Rethinking Afghanistan

U.S. Defense Secretary Robert Gates testifies before the Senate Armed Services Committee on Capitol Hill January 27, 2009 in Washington, DC. Gates served as defense secretary under former President George W. Bush and was asked to continue at that position under President Barack Obama.  (Photo by Chip Somodevilla/Getty Images)

U.S. Defense Secretary Robert Gates testifies before the Senate Armed Services Committee on Capitol Hill January 27, 2009 in Washington, DC. Gates served as defense secretary under former President George W. Bush and was asked to continue at that position under President Barack Obama. (Photo by Chip Somodevilla/Getty Images)

My New Atlanticist post “Obama’s New Afghanistan Strategy“details the rather far-reaching reboot of our goals in that conflict as outlined by Secretary of Defense Robert Gates in testimony yesterday before the Senate Armed Services Committee.    Two of the three changes recommended — getting Hamid Karzai and our NATO allies to do more — strike me as exercises in futility, for reasons I outline.  The third, however, is quite welcome:

The one thing that’s within our ability to change, however, is most important one:  setting achievable goals for the mission.  As Henry Kissinger told the Council recently, our implied goal in Afghanistan is a democratic state — in the fullest sense of the term, including equal rights for women and religious tolerance — that is centrally governed.  Given Afghanistan’s history, he argued that we “need to examine whether this is a conceivable objective.”  If Gates’ testimony is any indication, it appears that examination has taken place and resulted in the only plausible conclusion:  Afghanistan is simply not going to be a modern, stable democracy within the timeframe that we can sustain a huge commitment of resources.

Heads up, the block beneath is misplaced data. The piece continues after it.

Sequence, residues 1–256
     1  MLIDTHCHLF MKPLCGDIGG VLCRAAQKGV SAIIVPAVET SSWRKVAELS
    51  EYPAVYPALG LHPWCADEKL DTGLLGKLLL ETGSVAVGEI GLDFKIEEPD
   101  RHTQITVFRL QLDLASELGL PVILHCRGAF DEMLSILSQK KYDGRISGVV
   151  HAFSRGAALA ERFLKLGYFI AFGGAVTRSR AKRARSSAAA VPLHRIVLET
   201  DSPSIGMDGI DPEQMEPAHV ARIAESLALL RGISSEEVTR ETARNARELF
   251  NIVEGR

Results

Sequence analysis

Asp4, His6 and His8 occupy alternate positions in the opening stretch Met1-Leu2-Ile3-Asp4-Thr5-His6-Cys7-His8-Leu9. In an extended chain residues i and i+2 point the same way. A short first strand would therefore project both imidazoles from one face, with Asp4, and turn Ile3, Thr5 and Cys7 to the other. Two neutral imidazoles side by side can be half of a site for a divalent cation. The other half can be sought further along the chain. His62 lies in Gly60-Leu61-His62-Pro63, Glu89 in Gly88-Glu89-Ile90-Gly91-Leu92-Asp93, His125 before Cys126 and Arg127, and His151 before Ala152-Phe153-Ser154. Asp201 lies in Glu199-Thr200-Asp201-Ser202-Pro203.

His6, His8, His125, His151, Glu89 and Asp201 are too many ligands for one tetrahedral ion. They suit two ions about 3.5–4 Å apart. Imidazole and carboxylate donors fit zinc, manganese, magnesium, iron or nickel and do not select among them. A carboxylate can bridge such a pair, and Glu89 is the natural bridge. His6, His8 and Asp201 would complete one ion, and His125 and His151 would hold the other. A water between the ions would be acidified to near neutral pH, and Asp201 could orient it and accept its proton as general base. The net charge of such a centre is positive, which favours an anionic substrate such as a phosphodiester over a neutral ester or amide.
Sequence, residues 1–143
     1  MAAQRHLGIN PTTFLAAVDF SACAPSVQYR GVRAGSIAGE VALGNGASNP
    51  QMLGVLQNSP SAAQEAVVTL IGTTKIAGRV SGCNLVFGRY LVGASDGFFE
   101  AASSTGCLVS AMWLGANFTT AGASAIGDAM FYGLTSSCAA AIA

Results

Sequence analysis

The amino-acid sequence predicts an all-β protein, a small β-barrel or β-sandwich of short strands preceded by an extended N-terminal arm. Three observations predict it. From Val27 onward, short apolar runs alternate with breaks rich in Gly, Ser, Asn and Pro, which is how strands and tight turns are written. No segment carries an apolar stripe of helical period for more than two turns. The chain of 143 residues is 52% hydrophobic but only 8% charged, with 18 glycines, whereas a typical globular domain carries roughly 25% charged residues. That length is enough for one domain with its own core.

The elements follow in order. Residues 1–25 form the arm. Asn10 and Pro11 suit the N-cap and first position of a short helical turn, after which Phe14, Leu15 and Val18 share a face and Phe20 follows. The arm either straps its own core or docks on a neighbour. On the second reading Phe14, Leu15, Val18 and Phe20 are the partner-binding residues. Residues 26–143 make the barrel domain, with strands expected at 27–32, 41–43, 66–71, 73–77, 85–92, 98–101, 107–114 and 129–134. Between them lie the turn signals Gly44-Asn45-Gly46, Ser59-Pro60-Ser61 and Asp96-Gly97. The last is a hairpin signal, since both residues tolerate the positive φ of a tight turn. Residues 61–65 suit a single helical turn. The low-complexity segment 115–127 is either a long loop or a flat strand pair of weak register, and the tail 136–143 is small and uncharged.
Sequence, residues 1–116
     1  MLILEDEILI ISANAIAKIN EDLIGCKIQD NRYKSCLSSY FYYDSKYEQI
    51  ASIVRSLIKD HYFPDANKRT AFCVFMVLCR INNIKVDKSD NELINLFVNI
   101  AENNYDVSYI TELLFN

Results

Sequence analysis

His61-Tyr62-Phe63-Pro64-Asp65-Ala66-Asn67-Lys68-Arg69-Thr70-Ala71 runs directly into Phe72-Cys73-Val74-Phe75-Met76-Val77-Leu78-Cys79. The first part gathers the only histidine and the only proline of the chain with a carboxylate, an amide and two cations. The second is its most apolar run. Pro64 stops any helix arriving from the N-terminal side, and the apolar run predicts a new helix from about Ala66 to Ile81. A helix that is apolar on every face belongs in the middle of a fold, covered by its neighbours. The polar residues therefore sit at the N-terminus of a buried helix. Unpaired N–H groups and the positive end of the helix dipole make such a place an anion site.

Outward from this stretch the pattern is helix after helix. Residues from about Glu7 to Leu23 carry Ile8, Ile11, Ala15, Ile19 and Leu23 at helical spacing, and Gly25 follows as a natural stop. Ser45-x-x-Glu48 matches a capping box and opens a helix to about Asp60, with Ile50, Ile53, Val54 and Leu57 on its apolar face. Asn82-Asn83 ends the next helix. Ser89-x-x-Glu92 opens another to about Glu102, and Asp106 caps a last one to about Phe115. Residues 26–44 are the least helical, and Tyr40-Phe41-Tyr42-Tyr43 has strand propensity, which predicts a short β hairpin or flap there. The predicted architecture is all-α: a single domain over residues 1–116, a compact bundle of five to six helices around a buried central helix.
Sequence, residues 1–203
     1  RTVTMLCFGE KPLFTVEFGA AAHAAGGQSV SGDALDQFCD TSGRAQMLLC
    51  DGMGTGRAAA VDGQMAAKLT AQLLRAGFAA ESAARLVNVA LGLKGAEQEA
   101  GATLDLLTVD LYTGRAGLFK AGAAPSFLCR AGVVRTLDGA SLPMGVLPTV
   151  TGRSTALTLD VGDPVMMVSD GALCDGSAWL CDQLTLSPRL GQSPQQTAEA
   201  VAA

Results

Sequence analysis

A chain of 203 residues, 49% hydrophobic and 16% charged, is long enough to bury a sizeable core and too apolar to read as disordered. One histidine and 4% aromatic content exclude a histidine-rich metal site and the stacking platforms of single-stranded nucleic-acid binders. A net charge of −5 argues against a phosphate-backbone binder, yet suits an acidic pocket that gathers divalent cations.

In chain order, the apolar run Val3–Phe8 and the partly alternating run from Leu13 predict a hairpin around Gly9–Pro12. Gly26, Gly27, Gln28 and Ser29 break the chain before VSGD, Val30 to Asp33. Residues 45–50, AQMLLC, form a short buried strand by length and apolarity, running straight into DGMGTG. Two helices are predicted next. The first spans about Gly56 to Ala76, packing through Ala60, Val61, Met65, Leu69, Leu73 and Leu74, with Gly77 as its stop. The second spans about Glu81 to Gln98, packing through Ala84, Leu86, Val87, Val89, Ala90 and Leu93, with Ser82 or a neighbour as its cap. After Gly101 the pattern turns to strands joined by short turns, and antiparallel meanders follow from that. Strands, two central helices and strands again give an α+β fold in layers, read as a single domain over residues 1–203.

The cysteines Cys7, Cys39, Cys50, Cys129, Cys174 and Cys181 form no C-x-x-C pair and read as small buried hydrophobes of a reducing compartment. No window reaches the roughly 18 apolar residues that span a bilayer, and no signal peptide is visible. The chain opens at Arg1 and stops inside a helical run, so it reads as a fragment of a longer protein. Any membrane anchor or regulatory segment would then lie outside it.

Given that, Kissinger suggested we “need a different strategy”  that is “designed to prevent what we fear most: the return of a terrorist state.”  While Gates did not put it quite so bluntly, it looks like that’s precisely our new baseline strategy.   It’s not a slam dunk that we can achieve that, either — but at least it’s not tilting at windmills.

Read the rest here.

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James Joyner
About James Joyner
James Joyner is a Security Studies professor at Marine Corps University's Command and Staff College and a nonresident senior fellow at the Scowcroft Center for Strategy and Security at the Atlantic Council. He's a former Army officer and Desert Storm vet. Views expressed here are his own. Follow James on Twitter @DrJJoyner.

Comments

  1. steve says:

    Apply the same to Iraq. We are not likely to end up with a pro-western, democratic ally which will allow us to build permanent bases there, the original definition of winning. A stable country that does not act as abase for terrorists could be.

    Steve